The heirs of Pablo Picasso are getting in on NFTs. It turns out the famed 20th-century artist has some ceramic artwork that has never been seen publicly. His granddaughter and great-grandson are planning to release 1,010 digital art pieces of his ceramic work.
Elrond is acquiring crypto payments provider Utrust. Do you think the network is making a move to become a crypto payments powerhouse?
Ever wonder if there is a place you can go to see if a crypto project is a scam? Try isthiscoinascam and Coinopsy’s Dead Coins. The cool thing I like about isthiscoinascam is that it rates cryptocurrency projects. Bitcoin has an A+ rating. Cardano, Litecoin, and Ethereum are all rated A. There are several B-rated projects and quite a few C-rated projects before getting into the Ds. These lists are worth consulting.
How crypto became the new subprime.
It appears that the Biden Administration may be gearing up to regulate cryptocurrencies. Is that a good thing?
What Is Decentralization?
Decentralization means no individual or entity controls the technology.
The United States Postal Service is centralized. It has a postmaster who is responsible for the overall operations of the service. If you have a problem with mail delivery, you contact your local post office, which answers to the authority of the national office. Likewise, Facebook is centralized. It has one individual at the head who is responsible for how the platform is managed. Your local boy scout troop is centralized. Your church? Centralized.
To be centralized means that one individual or a group of individuals manages the affairs of the entire organization or network. Blockchain technology has no such structure.
As envisioned by its inventor, the technology is designed to operate on the basis of multiple computer nodes that follow a programmed consensus process in order to approve transactions on the network. There is no one individual or entity controlling the process.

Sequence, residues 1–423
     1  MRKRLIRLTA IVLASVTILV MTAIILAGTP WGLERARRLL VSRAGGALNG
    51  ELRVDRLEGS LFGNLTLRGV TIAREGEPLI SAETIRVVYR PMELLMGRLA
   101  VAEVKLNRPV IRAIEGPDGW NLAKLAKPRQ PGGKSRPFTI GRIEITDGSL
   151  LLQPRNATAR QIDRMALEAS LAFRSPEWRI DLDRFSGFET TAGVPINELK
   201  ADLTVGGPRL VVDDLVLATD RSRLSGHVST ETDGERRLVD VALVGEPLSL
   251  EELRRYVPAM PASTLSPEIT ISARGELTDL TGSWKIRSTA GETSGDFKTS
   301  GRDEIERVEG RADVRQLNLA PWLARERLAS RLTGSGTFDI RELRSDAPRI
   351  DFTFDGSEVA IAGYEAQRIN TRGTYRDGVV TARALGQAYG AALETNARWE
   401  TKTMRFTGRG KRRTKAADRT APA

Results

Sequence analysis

We’ll discuss consensus mechanisms later, but for the purpose of understanding decentralization it’s important to understand that multiple computers—often thousands—make up the network on a blockchain.
An important distinction must be made between the computers on a network and an organization that owns or controls the blockchain. In some instances, an organization may be behind the blockchain. That organization may own the blockchain or define certain processes that make it operational. Theoretically, the organization does not influence the blockchain at the transactional level. However, in practice, that can create network management challenges. Unresolved, those can lead to splits, called forks, and two blockchains diverge from one.
While blockchains are essentially decentralized, organizations that own or manage them may not be.
An excerpt from my forthcoming book Cryptosocial: How Cryptocurrencies Are Changing Social Media, to be published by Business Expert Press in March 2022. Won’t you join my launch team?
First published at Cryptocracy. Not financial advice.
Photo credit: AP